Go Haywire

Meaning of Idiom ‘Go Haywire’

To go haywire means to work or behave in a crazy or disorderly way with bad results; to be out of control; wildly confused; to become chaotic and unpredictable. 1Heacock, Paul. Cambridge Dictionary of American Idioms]. Cambridge: Cambridge UP, 2010.,2Ammer, Christine. American Heritage Dictionary of Idioms. Boston: Houghton Mifflin Harcourt, 2013.,3Ammer, Christine. American Heritage Dictionary of Idioms. Boston: Houghton Mifflin Harcourt, 2013.

Usage

The idiom ‘go haywire’ implies that something, such as a machine, was ‘in control’ and functioning properly before it went ‘out of control.’ However, things can be said to ‘be haywire.’

Examples Of Use

“Something in their system went haywire and they charged my credit card $1.00 one hundred times in a row.”

“My computer went haywire today so I couldn’t publish any new articles.”

“Things went haywire on the Apollo 13 moon mission. It’s a wonder the astronauts made it home to Earth.”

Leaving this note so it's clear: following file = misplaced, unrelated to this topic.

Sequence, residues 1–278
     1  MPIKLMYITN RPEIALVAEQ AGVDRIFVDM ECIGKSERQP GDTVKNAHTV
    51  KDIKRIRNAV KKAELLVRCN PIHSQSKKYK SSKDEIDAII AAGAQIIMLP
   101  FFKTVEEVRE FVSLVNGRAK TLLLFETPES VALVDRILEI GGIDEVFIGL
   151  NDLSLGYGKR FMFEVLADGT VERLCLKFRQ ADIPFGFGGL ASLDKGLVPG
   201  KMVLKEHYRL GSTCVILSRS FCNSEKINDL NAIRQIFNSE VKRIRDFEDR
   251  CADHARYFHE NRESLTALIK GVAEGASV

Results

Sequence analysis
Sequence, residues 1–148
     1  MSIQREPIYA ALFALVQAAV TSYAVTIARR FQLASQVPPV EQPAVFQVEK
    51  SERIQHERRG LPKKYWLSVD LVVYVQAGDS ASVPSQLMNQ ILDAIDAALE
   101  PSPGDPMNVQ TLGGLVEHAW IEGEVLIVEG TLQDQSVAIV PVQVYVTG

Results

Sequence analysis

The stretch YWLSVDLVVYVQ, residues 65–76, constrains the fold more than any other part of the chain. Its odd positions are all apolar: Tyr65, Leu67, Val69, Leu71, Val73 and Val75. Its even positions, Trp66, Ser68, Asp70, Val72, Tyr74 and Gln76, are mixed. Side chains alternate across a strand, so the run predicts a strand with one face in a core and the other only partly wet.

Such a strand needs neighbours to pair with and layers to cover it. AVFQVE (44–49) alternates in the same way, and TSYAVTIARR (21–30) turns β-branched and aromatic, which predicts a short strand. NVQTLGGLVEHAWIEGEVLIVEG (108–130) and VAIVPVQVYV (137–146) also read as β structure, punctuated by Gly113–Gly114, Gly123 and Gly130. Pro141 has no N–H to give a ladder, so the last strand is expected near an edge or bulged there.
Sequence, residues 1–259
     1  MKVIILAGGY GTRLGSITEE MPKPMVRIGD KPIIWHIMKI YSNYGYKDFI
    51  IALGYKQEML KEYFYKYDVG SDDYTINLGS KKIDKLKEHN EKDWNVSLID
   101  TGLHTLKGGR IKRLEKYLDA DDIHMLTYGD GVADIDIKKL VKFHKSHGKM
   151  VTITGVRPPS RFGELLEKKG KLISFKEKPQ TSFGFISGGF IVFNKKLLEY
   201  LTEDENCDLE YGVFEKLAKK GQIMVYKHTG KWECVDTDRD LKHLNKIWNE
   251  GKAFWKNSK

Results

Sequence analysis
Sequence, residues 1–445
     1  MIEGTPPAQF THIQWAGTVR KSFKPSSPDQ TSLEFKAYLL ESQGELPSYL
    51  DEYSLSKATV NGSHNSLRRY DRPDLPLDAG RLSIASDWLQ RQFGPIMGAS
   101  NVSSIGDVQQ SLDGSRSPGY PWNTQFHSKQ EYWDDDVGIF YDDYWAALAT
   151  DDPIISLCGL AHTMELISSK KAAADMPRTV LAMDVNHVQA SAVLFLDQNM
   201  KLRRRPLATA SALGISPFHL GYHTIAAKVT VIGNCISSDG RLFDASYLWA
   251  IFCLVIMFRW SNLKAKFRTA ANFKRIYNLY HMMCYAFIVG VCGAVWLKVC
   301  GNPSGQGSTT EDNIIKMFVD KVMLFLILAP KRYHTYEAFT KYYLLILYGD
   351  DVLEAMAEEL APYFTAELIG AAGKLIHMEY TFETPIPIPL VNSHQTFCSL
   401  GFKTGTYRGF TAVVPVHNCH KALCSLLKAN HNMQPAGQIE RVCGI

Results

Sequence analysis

“One little cold snap and everything goes haywire. Now there is no power, no water, and no food!”

Origin

This idiom is based on the wire used to bale tie hay (dried grasses) together into bales during the 1800s. This wire was cheap and widely available and thus used much like duct tape is today, for a myriad of binding or repair jobs. By the 1900s, haywire became associated with any cheap and unsophisticated solution.

It is not clear how ‘go haywire’ gained its present meaning,  but it was in use by the first half of the 1900s. One suggestion is that haywire was easily tangled and hard to manage and that once it became tangled it was very difficult to untangle. 4Bengelsdorf, Peter. Idioms in the News – 1,000 Phrases, Real Examples. N.p.: Amz Digital Services, 2012.,5Ammer, Christine. American Heritage Dictionary of Idioms. Boston: Houghton Mifflin Harcourt, 2013.,6Heacock, Paul. Cambridge Dictionary of American Idioms]. Cambridge: Cambridge UP, 2010.

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